Does the plant in the above photo look familiar? That’s probably because the tree in the photo is in the same genus—Sophora—as the kōwhai. There are about 45 species of Sophora worldwide, including the toromiro tree from Rapa Nui (Easter Island) shown above. There are eight different species of Sophora in New Zealand, several examples of which can be seen in Te Papa’s Collections Online.
What is so special about the toromiro tree?
Toromiro is an endemic plant species from Rapa Nui that has been extinct in the wild for over 30 years.
The species was formally described as Sophora toromiro in a 1921 book about the botany of Rapa Nui. An interesting account of the history and taxonomy of the toromiro has been published previously.
Last week, an article in the Chilean newspaper La Tercera highlighted the exciting recent progress of a team of scientists from Universidad Católica in Chile who are working toward re-establishment of the toromiro tree on Rapa Nui.
The team of Chilean scientists, led by Patricio Arce, have managed to propagate 700 individual plants so far. This is a big accomplishment. Growing these plants is especially tricky because they need a specialized fungus growing in their root system in order to survive.
Importantly, the use of genetic techniques has confirmed that the original plants used to vegetatively propagate these individuals are Sophora toromiro (and not some other closely-related species). By next year, the scientists hope to have about 5000 toromiro individuals ready to be relocated to Rapa Nui.
I saw my first toromiro tree at Rapa Nui’s small botanic garden while visiting the island with my family in 2007.
This individual is one of few re-established individuals currently alive on the island, as previous attempts to restore larger populations there have so far proven unsuccessful.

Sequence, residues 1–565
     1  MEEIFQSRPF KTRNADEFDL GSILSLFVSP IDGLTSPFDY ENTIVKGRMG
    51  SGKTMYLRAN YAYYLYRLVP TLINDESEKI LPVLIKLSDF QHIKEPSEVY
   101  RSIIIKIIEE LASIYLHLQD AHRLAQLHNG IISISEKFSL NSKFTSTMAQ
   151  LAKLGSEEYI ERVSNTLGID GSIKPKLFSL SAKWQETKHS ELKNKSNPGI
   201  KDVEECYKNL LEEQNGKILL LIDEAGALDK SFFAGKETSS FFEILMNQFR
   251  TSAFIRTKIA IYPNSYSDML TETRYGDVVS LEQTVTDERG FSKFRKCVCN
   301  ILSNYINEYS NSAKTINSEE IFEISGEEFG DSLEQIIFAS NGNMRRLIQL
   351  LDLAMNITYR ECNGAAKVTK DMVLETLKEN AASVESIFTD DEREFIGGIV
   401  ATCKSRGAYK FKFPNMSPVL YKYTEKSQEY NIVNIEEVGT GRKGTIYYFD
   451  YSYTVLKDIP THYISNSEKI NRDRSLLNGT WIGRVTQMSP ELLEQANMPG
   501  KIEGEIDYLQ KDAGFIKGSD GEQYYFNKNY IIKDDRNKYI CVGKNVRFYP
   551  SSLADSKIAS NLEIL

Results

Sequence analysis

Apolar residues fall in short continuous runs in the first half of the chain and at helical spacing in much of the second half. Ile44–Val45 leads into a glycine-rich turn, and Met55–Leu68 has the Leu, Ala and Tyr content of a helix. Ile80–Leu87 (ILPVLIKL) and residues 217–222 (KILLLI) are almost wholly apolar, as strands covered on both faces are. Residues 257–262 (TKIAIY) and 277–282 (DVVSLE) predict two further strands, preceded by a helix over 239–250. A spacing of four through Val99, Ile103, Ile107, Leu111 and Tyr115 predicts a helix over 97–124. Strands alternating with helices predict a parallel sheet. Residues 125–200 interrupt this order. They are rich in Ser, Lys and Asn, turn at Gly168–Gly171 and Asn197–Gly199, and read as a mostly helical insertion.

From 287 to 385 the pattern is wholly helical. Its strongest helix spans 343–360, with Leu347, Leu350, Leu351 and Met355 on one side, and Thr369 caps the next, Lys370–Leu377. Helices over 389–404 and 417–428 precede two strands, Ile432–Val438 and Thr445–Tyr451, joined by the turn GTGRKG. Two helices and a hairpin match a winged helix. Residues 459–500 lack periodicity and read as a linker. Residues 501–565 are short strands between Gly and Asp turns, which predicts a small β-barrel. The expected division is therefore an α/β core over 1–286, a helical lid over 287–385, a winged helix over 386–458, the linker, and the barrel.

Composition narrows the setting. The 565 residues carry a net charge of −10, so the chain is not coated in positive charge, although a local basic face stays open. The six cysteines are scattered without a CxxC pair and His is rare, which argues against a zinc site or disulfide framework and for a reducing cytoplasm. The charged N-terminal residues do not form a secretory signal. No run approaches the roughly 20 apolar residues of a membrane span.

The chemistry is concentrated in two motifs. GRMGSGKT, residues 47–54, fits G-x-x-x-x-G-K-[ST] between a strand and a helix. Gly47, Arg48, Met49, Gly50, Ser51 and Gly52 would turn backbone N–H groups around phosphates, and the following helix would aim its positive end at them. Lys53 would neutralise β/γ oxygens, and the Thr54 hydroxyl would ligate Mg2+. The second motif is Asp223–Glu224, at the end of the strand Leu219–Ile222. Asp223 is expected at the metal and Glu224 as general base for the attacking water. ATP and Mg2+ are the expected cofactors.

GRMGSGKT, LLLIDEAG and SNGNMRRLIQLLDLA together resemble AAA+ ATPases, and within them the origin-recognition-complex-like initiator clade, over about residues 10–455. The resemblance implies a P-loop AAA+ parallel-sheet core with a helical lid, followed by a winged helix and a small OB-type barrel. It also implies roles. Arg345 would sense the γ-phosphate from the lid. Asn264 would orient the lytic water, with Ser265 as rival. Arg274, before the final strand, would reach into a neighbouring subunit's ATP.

Tormiro around the world
On a more recent trip to Chile this year, I was excited to find several individuals of Sophora toromiro growing in a special garden at the National Botanic Gardens at Viña del Mar.
Other botanic gardens around the world are also growing toromiro as part of an international conservation effort to help keep it alive. For example, check out the efforts of the Royal Botanic Garden at Melbourne and watch a short video on toromiro conservation work at Kew Gardens in England.
Although it is hard to imagine based on the size of the plants in these photos, toromiro trees were once big enough that their wood was prized by Rapa Nui carvers. I checked Te Papa’s Collections Online and discovered that Te Papa has several Rapa Nui wood carvings in its collection, one of which is shown below.
Was this beautiful statuette made using toromiro wood? In addition to toromiro, a few other tree species are found on Rapa Nui, at least one of which may also be used for carving. Comparative wood anatomy techniques have been used to show that certain carved wooden tablets from Rapa Nui were made from the wood of the mako‘i tree (Thespesia populnea). Such specialised methods would be required to accurately identify the type of wood that was used in the figure shown here.
Due to the cultural, historical and biological significance of the toromiro to the people of Rapa Nui and the rest of the world, I sincerely hope that the efforts of international and Chilean researchers to re-establish the toromiro on its native island are successful.